2016 Chevrolet Malibu

INDIANAPOLIS — Chevy Malibu is a storied nameplate, dating to 1964, with generations behind it — some icons and others bombs.  Two generations ago, Malibu debuted with elegant European styling, two-tone interiors, and rear legroom that was the envy of mainstream mid-sizers.  Then, Chevrolet moved Malibu to its shorter mid-size architecture and gave it granny styling that crunched rear legs and left it blending into a sea of sculpted competitors.  It wasn’t a bad car — just boring.  That changes for 2016.

The first smart move was handing design responsibility to John Cafaro, best known for designing the C5 Corvette and current Impala.  The low and wide body with flying buttress affect fastback roofline and body creasing the recalls the Mercedes S-Class are gorgeous.  A horizontal twin-port grille is flanked by signature LED running lamps and flows into a deftly-creased hood.  A high rump flaunts wrap-around taillamps.  It all looks great over 18-inch alloys that resemble Chinese stars.
“Malibu’s gorgeous styling is the result of a masterful understanding of proportions,” said Ed Welburn, General Motors’ vice president of Global Design.  “The roofline has been stretched rearward giving a more sleek profile, while the front wheels have moved forward and front and rear overhangs have been reduced.  Along with the sculpted boy side, these cues help Malibu appear more dynamic and sophisticated.”
A four-inch stretch in wheelbase not only helps sleekify the styling, but also gives rear passengers stretch-out legroom.  Too bad our test car traded upscale contrasting color leather for low-rent gray cloth and hard plastic on the doors and dash.  Cloth inserts on the dash and doors echo the Cruze and look good next to the slick touchscreen attached to the center dash.  It’s a very Apple look that works well.

Except, it comes up a little short on features.  Sure, the infotainment system is Apple CarPlay and Android Auto compatible.  Without navigation, you’ll have to call OnStar or use your smartphone.  It does have Bluetooth calling/streaming audio, wireless phone charging, keyless starting, several USB ports and 4G LTE Wi-Fi hotspot, but you’ll have to adjust your own climate control.  There’s no sunroof or heated seats either.  I know, such sacrifice.  Adding plusses, the leather-wrapped steering wheel and metallic painted surfaces on the console and doors were first class.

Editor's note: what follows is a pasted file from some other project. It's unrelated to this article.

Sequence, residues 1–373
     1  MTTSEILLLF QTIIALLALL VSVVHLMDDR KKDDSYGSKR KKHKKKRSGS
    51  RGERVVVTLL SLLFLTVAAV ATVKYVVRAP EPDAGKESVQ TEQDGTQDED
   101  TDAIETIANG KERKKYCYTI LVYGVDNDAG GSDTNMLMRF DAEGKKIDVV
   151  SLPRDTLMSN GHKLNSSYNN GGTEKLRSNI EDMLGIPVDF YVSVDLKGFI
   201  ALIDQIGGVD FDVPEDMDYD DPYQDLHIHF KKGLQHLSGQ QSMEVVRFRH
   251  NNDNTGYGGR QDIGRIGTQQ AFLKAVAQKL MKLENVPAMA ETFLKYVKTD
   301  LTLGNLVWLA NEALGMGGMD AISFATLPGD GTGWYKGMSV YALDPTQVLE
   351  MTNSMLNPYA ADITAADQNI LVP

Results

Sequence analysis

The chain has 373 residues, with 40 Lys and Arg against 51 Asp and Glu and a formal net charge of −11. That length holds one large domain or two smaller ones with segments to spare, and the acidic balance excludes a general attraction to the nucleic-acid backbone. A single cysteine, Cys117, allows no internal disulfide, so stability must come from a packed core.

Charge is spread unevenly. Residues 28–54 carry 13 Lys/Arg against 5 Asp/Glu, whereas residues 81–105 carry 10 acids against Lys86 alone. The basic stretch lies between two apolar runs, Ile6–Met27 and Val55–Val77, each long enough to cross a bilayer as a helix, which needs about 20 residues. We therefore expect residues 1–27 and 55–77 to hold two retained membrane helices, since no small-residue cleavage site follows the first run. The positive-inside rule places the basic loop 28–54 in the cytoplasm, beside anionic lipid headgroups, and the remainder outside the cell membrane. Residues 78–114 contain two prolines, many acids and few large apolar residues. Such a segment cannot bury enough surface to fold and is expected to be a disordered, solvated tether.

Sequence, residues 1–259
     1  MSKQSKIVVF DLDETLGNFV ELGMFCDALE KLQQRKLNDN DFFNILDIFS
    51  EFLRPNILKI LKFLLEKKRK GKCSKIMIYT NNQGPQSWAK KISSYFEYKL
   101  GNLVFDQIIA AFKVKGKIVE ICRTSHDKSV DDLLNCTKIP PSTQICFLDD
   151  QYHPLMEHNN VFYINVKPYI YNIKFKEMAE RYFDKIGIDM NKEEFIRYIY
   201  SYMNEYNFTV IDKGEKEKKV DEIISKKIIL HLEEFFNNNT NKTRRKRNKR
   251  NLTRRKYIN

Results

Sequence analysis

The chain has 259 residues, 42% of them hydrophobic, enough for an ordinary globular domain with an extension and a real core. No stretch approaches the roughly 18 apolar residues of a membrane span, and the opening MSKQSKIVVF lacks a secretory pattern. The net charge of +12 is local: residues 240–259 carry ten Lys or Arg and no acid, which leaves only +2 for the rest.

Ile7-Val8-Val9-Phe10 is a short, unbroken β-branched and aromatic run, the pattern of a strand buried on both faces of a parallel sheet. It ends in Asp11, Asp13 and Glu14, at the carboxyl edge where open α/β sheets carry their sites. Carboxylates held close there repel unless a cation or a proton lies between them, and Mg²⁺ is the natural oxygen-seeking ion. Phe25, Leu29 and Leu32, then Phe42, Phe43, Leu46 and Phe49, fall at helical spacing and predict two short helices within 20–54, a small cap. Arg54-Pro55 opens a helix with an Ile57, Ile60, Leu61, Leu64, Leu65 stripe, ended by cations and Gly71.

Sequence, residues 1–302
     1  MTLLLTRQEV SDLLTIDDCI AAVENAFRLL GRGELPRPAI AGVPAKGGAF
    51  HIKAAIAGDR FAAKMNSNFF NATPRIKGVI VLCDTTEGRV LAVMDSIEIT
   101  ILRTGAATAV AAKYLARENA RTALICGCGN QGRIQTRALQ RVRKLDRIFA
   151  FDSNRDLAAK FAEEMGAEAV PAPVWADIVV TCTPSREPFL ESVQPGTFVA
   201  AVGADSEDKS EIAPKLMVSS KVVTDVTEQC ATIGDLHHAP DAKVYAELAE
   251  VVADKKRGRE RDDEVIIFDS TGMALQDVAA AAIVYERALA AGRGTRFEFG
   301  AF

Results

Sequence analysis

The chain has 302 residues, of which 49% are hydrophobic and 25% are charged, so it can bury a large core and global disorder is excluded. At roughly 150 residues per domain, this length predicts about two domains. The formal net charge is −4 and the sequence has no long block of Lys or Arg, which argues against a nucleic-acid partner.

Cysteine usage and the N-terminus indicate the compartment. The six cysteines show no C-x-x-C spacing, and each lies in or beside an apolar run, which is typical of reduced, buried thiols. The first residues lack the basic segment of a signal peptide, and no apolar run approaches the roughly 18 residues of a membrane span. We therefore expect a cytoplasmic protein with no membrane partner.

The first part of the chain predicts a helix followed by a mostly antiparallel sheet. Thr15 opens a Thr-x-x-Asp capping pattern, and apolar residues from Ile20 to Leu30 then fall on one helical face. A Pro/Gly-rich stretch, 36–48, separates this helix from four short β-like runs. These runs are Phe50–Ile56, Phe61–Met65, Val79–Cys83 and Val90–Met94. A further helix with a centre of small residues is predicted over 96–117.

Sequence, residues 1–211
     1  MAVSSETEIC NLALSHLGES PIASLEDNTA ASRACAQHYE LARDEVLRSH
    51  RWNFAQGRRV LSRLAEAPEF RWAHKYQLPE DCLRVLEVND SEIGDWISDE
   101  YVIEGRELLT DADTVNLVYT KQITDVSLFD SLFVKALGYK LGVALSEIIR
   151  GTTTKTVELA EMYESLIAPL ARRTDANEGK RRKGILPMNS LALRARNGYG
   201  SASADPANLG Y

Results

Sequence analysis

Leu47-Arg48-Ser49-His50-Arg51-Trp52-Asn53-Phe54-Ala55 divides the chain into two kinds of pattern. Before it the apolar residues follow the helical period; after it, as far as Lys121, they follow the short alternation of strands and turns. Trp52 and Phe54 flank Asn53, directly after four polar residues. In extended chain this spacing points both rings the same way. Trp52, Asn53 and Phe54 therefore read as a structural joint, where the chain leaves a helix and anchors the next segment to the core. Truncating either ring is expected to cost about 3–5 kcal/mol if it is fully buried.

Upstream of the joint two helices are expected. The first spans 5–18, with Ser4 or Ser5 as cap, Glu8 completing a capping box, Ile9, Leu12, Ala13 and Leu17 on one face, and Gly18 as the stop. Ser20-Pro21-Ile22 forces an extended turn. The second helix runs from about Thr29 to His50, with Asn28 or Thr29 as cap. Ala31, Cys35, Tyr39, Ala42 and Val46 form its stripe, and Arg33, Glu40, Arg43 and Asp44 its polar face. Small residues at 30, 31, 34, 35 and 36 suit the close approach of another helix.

Our 2LT trim level presented a weird combination of low rent interior bits combined with cutting edge technology.  You’re really paying for the crash avoidance systems that include low speed mitigation braking, rear camera, blind zone alert, front/rear park assist, and forward collision alert systems.  It seems like a car chosen by fleet managers to keep salespeople safe.  Leather will cost you over $2,100 because it’s only available with the Technology and Convenience package.
But, those are just first impressions.  Getting behind the wheel is more convincing as the 2.0-liter turbocharged four-cylinder engine delivers 250 horsepower to the front wheels through an 8-cog automatic gearbox.  Run any reasonable speed and there’s plenty of power ready with the tap of a toe.  The powertrain plus aerodynamic bodywork enable 22/33-MPG city/hwy.  If that doesn’t suit you, opt for the 48/45-MPG Malibu Hybrid or base 1.5-liter turbo-four that delivers 37-MPG hwy.
While I was griping about the interior trim to a co-worker, I launched the car into a sweeping Interstate on-ramp and put the hammer down.  I came out the other side as if channeling a sport coupe.  Removing 300 pounds from the car helps, but the chassis is firm and fun, soaking up city ugly patches with not a squeak nor harsh bump.  Typical GM, Malibu provides a nice balance of handling and comfort.
I give Cafaro and his team mad props for the styling — it’s absolutely beautiful, a world-beating work of art.  And, the powertrain and chassis engineers were clearly wide awake.  Vastly improved rear legroom also go on the leader board.  But, it’s hard to ignore the dash and door plastic and gray canvas seats.  Malibu’s interior does not fail in design; it fails in details.  Fix that and Malibu will slay all competitors. 
“Midsize car customers tell us they want great fuel economy and connected technologies, wrapped in a gorgeous exterior.  This is exactly what the 2016 Malibu was engineered to do,” said Jesse Ortega, Malibu chief engineer.
So, for “fun” part.  You can get a base Malibu with a 163 horsepower turbo-four for $21,625, but our test car came to, um, well, it’s, $30,490!  You’re paying for the larger engine and safety tech, but not getting much else.  Competitors include the Honda Accord, Toyota Camry, Ford Fusion, Hyundai Sonata, Kia Optima, and VW Passat.

— Casey Williams (MyCarData)